pizzashuttle 9 years, 2 months ago

Nick - I sometimes find myself paying more attention to the photos you take than the article itself......the photos doing a better job of telling the story than the words. Your work is outstanding!

Rigg 9 years, 2 months ago

I remember my first day as an intern at channel 6. Chris Ronan, who was the sports director back then, told me that if I ever broke a camera, I would be fired on the spot.

12 years later...I have yet to break one. But it's only a matter of time.

KGphoto 9 years, 2 months ago

Are you the Wyoming Mike Rigg? Where's channel 6?

KGphoto 9 years, 2 months ago

I shot for CSU basketball a little bit about 3 years ago, I'll say at least you are in a stealthy (although immobile) sitting position during basketball games, and the players aren't wearing helmets. In all of the football games you've shot you must have had a couple real scares.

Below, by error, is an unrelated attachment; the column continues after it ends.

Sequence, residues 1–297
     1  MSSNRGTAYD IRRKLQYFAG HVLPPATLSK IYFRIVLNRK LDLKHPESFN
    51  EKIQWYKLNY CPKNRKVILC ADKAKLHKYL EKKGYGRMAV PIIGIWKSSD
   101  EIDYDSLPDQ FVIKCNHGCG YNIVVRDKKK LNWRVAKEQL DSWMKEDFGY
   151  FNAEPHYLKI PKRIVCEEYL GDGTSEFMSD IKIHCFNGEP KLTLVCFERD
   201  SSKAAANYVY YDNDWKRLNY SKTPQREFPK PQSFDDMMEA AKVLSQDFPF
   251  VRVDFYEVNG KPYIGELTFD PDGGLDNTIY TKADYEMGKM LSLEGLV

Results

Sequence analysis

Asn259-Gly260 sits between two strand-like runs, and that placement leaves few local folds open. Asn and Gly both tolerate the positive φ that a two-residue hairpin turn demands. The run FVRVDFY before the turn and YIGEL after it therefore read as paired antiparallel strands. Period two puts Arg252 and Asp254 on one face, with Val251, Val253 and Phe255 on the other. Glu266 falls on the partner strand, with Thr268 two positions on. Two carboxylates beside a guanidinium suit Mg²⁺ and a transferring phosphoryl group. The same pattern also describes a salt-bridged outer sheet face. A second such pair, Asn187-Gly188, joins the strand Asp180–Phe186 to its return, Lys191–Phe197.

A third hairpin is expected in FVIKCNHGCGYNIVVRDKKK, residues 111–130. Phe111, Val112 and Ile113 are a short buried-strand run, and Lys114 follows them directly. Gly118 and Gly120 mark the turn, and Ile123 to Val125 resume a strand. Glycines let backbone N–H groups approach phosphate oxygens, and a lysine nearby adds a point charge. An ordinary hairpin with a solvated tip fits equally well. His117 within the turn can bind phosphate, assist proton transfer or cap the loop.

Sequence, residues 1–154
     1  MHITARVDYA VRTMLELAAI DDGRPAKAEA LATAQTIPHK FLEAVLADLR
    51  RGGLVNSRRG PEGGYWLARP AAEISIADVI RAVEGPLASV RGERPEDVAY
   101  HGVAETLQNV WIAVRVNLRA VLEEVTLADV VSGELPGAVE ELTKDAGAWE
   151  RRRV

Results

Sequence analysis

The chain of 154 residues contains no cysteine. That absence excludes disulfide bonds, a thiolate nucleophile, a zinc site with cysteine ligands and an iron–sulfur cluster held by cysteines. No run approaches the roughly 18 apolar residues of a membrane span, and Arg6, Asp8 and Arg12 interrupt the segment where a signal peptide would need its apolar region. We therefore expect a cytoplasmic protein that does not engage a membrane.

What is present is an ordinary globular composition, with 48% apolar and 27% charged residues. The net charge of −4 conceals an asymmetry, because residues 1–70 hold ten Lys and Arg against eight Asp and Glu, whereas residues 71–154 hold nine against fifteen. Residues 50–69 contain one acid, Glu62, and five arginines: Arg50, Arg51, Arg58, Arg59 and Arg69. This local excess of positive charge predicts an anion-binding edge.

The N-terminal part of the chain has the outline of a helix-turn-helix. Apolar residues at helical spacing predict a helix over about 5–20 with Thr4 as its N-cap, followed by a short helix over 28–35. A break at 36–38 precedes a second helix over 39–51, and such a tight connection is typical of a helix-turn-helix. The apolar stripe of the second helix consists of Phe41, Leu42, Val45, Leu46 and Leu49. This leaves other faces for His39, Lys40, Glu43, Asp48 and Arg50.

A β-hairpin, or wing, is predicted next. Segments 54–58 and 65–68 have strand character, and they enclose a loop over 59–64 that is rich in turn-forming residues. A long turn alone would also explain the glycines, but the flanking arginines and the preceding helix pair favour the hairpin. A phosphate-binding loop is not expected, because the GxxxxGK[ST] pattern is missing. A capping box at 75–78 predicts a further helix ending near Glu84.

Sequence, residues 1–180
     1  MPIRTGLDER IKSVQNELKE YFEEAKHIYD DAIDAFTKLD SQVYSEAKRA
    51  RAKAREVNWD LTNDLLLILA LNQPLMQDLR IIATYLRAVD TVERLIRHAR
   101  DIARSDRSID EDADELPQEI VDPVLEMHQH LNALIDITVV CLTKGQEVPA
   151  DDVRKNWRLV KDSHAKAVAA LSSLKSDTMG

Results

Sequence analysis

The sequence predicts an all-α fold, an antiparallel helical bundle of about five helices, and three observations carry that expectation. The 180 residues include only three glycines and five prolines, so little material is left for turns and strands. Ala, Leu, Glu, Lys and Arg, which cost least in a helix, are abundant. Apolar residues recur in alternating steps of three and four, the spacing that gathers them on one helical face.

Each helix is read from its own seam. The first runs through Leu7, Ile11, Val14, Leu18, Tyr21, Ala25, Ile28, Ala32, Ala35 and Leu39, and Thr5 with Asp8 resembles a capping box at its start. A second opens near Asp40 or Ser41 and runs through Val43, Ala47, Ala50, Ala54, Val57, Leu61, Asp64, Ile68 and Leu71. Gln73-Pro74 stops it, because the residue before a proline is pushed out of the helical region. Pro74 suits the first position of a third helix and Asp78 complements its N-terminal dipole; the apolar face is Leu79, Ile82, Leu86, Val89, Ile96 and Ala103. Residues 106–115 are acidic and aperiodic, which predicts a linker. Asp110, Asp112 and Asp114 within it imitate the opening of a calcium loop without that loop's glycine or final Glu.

I was shooting a CU football practice one day. My good friend was shooting for The Daily Camera. He and I flanked another shooter along the sidelines. The guy (kid really) was shooting one of these hulking 600mm L series lenses on a mono-pod. He was still a student so I have no idea how he could afford the $10-15k for the lens alone. But he never saw it coming. A fade route right at us. The kid was focused on the line of scrimmage and the tight end (Devree I think. He was huge. Come to think of it, I think Cody Hawkins floated the pass.) ran through him like a train. He not only shattered the lens, but also snapped off several chunks of a $5k camera body and sent the kid to the hospital with all sorts of cuts and bruises to his face, hands arms. and who knows what else. Judging from the sound, he surely had a concussion. Neither the player, or the shooter saw the other until the actual impact. Devree(?) started to put his hand out to help him up, but people were already there telling the kid to stay down. Player back to the huddle. Practice continued.